The fourth week of January is a hectic one for the drivers and teams of the TUDOR United Sportscar Series, as well as the Continental Tire Sports Car Challenge. All the offseason testing, chassis development, and training culminate in a series of on-track races at the Daytona International Speedway, culminating in the Rolex 24 at Daytona.
Following a week of ups and downs for driver Andrew Carbonell and his teammates at Freedom Autosport, the Continental Tire Sports Car Challenge competitor, and Miami resident, took a few minutes to sit down and answer a few questions from the West Palm Beach Motorsports Examiner about Daytona, racing in general, and the future.
1. What are your feelings about the opener at Daytona, and your hopes for the 2014 season as a whole?
"I thought the opener at Daytona went great! It is 24 hours of grueling racing that pushes man and machine to their absolute limits. This was the first race for the new TUDOR United Sportscar Series, which is a combination of last year’s Grand-Am and ALMS classes. Even after combining two different series and running a 24-hour race, the competition was close enough to make us wait until the last lap to determine our winners! Now that’s racing!
I hope that the 2014 season continues to provide this great racing. The series is working hard on making performance adjustments to each and every car. In theory this should keep the competition tight and exciting!"
2. How do you feel about the newly minted TUDOR United Sportscar Series, as opposed to Grand-Am and ALMS?
"It is a step forward for North American sportscar racing. There are only so many auto racing fans here in North America, and making them choose between two different series was somewhat difficult and complicated. Now with one unified series, it should be much easier to identify with sportscar racing here in America."
3. Aside from yourself, who are the drivers to watch out for in 2014?
"My fellow Mazda drivers in the new SKYACTIV-D Smart Diesel Prototypes: Tom Long, Sylvain Tremblay, Tristan Nuñez and Joel Miller."
4. Do your driving duties include other series in addition to IMSA? If so, which ones?
"Every now and then I compete in SCCA and NASA sanctioned events. These are usually regional-based Club Racing events where I provide coaching. "
5. What is your favorite racetrack?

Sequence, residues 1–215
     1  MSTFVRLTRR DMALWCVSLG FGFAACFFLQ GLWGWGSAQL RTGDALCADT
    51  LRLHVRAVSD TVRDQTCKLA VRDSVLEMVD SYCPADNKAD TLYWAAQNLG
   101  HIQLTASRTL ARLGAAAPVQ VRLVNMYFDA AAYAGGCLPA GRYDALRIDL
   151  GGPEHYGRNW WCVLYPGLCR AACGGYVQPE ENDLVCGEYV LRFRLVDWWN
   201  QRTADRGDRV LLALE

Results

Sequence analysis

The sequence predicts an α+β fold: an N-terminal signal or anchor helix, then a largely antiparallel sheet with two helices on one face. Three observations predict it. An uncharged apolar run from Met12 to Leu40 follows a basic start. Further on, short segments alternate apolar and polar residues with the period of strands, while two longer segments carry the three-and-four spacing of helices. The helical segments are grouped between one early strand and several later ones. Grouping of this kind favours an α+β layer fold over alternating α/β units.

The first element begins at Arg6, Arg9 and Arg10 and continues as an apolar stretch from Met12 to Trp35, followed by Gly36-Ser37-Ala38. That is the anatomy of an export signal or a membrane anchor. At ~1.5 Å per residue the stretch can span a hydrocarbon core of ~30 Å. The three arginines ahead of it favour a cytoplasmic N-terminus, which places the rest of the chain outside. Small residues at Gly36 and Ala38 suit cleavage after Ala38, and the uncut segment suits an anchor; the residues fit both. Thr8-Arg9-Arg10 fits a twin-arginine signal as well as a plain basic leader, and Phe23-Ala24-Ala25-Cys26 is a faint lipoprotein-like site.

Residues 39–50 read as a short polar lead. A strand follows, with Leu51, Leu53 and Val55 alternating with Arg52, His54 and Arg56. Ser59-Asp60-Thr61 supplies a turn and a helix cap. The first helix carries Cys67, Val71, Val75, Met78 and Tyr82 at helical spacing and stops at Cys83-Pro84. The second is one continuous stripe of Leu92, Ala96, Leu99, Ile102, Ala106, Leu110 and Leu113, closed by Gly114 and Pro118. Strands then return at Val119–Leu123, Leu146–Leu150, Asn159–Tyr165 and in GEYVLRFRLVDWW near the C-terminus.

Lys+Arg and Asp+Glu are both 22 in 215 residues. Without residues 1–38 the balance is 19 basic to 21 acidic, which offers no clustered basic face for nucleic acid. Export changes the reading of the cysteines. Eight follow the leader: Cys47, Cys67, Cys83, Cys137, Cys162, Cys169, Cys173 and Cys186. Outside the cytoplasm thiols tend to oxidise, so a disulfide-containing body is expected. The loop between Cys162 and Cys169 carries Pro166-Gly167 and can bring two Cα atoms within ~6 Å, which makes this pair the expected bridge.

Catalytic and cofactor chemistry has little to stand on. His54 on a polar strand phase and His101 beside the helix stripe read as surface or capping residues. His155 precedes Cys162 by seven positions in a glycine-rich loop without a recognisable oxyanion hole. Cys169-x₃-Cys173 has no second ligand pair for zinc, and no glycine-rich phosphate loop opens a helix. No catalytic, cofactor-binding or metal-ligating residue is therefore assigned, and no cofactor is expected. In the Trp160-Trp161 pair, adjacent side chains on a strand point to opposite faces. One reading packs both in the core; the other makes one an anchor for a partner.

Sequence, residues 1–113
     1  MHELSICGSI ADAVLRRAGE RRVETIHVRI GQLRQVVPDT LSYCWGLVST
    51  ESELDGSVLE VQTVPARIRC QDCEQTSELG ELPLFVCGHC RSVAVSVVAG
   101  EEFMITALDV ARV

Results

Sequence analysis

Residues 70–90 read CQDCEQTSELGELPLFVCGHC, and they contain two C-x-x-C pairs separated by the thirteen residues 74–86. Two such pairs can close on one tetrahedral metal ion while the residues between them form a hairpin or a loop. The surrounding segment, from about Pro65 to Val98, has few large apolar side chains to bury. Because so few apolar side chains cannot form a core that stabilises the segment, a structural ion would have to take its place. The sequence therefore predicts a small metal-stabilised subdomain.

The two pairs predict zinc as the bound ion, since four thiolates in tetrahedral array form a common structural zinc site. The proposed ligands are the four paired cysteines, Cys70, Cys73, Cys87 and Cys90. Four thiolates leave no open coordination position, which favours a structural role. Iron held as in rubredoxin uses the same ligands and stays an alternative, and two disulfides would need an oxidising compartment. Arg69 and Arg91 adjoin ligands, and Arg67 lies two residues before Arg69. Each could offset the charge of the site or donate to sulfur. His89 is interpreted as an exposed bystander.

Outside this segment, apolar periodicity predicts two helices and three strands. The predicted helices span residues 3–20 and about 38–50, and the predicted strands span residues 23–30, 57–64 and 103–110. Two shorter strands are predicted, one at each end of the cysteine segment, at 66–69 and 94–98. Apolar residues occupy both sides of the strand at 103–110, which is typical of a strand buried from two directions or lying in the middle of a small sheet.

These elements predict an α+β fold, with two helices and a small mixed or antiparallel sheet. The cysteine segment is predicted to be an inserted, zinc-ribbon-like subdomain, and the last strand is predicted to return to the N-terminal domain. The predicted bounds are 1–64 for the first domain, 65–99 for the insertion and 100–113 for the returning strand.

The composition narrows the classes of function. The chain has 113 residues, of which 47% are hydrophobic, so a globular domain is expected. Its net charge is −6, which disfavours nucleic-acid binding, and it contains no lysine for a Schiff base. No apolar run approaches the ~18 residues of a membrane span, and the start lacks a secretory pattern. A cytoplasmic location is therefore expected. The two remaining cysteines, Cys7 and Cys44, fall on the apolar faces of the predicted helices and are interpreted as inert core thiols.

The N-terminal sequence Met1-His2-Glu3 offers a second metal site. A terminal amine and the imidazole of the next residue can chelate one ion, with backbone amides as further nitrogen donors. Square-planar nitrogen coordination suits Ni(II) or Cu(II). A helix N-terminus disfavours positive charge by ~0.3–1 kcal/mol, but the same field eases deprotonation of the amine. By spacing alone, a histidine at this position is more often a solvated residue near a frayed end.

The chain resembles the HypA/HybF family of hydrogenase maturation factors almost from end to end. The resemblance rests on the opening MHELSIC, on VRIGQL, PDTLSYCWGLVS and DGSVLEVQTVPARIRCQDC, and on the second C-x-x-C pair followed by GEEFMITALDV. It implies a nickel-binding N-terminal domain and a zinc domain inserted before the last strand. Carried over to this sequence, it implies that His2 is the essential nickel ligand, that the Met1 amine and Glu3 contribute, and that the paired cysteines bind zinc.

"Mazda Raceway Laguna Seca"
6. With IMSA seeming to favor more strict enforcement of the rulebook, and imposing stricter penalties, do you think that this effort will stifle competition?
"It shouldn’t; everyone there is very professional and knows what is right from wrong. Obviously, you have to be a little more cautious due to the new “strictness” but that’s because it’s a new series and they have to enforce their law. Once the ball gets rolling and everyone settles in, you wont even notice it. "
7. Do you see the series expanding in the near future, or will the 11 race season become the norm?
"The potential for expansion is definitely there. The series is already visiting most if not all of the popular North American road races. Any new races would probably come from a promoter who sees the potential in the series and wants to bring it to a certain city or track."
8. I recently completed the Competition 101 Racing School, driving 20 laps in a former NASCAR stockcar. Do you think that programs like this are important to help fans understand the sport more?
"Absolutely! What better way to understand what that driver is feeling inside the car at 180mph with three other cars around him than to do it yourself?! Not to mention how hot and mentally exhausting it could be inside!"
9. How was your off season?
"Off-season is always nice. To get a break from all the travel and feel like you have a home base again is an incredible feeling. With all this relaxation, it doesn't take long before you are thinking about next year. And in racing, many times what you're doing next year is uncertain, turning your offseason into a hunting season for sponsors."
The West Palm Beach Motorsports Examiner would once gain like to thank all the public relations personnel involved with the TUDOR United Sportscar Championship for making this reporter feel at home and at ease during the fifty-second running of the Rolex 24 at Daytona. Special thanks go out to Beth Dolgner and the Freedom Autosport team for helping to make this interview possible.
Though there are still quite a few stories to be told about the Rolex 24, soon the focus will shift towards stock cars, with coverage of the events leading up to the Great American Race at the end of February, including an interview with perennial contender David Ragan, as well as a few moments with one of the most awesome, and probably off-the-wall drivers to ever put on a driving suit; Kenny Wallace!
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